Soghra Khurasani – The Red Room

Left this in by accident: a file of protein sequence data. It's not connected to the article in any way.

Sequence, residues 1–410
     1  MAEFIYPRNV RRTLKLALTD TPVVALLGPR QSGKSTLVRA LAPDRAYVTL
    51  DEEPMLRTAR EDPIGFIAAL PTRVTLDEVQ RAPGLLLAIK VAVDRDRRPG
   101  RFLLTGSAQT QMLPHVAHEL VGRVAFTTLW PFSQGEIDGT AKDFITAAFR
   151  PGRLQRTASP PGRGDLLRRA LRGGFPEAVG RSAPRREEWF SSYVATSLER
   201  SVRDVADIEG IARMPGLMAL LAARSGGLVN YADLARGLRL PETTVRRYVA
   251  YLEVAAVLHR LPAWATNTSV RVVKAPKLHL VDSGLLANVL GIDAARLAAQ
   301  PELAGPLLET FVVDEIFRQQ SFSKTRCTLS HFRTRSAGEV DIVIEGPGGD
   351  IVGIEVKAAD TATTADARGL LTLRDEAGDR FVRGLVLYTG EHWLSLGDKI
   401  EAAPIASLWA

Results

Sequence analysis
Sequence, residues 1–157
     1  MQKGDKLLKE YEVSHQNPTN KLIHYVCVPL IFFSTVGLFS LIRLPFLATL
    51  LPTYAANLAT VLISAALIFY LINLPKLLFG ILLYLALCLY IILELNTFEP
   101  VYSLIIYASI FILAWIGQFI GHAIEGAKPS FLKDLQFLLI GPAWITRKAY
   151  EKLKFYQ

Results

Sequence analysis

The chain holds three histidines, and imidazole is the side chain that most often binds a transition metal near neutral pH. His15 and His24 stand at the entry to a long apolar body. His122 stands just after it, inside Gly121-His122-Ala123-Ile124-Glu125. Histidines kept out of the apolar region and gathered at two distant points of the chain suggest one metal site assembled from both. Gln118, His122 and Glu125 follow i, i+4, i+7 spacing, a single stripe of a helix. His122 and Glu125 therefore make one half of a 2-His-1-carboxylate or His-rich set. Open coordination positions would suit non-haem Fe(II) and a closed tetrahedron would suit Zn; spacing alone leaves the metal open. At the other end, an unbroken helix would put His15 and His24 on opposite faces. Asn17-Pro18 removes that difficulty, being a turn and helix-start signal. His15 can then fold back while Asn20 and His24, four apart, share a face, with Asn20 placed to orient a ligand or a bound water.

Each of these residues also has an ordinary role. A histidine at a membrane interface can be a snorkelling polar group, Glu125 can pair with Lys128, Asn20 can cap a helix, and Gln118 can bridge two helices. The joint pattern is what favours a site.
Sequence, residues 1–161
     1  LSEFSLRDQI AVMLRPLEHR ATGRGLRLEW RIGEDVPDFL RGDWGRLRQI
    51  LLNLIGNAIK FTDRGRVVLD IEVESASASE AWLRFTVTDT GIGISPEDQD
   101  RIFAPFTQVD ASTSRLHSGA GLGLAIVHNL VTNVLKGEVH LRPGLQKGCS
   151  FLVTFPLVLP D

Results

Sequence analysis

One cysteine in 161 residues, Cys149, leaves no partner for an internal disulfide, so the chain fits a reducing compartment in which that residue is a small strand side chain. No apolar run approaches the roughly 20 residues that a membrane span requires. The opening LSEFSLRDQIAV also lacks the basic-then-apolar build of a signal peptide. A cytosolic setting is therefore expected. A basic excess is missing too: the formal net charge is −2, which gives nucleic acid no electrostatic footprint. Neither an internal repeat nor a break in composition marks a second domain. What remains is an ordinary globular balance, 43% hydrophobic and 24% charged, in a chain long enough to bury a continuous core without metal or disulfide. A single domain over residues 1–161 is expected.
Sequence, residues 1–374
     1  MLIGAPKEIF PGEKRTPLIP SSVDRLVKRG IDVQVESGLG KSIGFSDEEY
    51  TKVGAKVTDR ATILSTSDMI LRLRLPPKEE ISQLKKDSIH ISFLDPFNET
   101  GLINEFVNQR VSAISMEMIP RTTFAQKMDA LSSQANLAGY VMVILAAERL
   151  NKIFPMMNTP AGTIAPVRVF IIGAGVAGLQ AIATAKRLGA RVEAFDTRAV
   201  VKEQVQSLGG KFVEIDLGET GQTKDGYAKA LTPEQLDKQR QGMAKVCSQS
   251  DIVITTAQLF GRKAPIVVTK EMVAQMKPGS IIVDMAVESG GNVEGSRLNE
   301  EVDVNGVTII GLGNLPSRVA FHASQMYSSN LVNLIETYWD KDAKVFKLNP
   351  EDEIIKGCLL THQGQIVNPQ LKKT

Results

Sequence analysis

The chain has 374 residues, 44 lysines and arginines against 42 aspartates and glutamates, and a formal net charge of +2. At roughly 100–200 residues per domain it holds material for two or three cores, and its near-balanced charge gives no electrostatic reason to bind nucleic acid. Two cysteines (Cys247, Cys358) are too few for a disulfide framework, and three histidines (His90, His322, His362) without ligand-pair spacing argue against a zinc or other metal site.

<p><em>The Red room</em> approaches and revels to be&nbsp;rich, laborious construct of layer upon layer of knotted red&nbsp;fabric strips, featuring white words shyly embroidered by several hands in different languages.</p> <p></p> <p>Prayers, wishes or desires filled with these&nbsp;words as, 'Joy', 'world peace', 'an apartment&nbsp;in Delhi”, 'good&nbsp;sex', 'please stop my&nbsp;neighbour from buying expensive things',&nbsp;'my father’s smile', 'may I get married to&nbsp;Pooja', 'no&nbsp;terrorism' – what these phrases&nbsp;have in common? What we have walked&nbsp;into a jumbled up cumulative prayers,&nbsp;casual&nbsp;wishes and quotidian desires.&nbsp;Overwhelming encounter with several&nbsp;hundreds of people at once: not&nbsp;personalities&nbsp;with faces and names, but a&nbsp;much more intimate introduction to the&nbsp;endless engagement with aspirations of&nbsp;every&nbsp;variety: terse, insipid, sensitive,&nbsp;thoughtful, expensive, personal, humorous,&nbsp;clichéd, unpredictable and poignant.&nbsp;</p> <p></p> <p>One walks through the luminous red doors room into a cumulative hopes prayers and&nbsp;desires made by collecting and&nbsp;individually&nbsp;knotting thousands of hand stitched&nbsp;requests and prayers from neighbouring&nbsp;citizens on the strips of red&nbsp;prayers cloth&nbsp;commonly found outside temples and&nbsp;mosques. One locates one’s voice and&nbsp;loses it again in starkly&nbsp;individual phrases or&nbsp;cultural rhythms generated by repetitions in&nbsp;sentiments’ expressed by the many&nbsp;different&nbsp;hands. These prayers can be read&nbsp;as an expose of excess consumerism,&nbsp;simple needs and luxurious fantasies that&nbsp;form the surface of our everyday lives and&nbsp;struggles. Unlike certain religious&nbsp;institutions, these doors seem&nbsp;accessible to&nbsp;all, playing with the politics of entry.</p>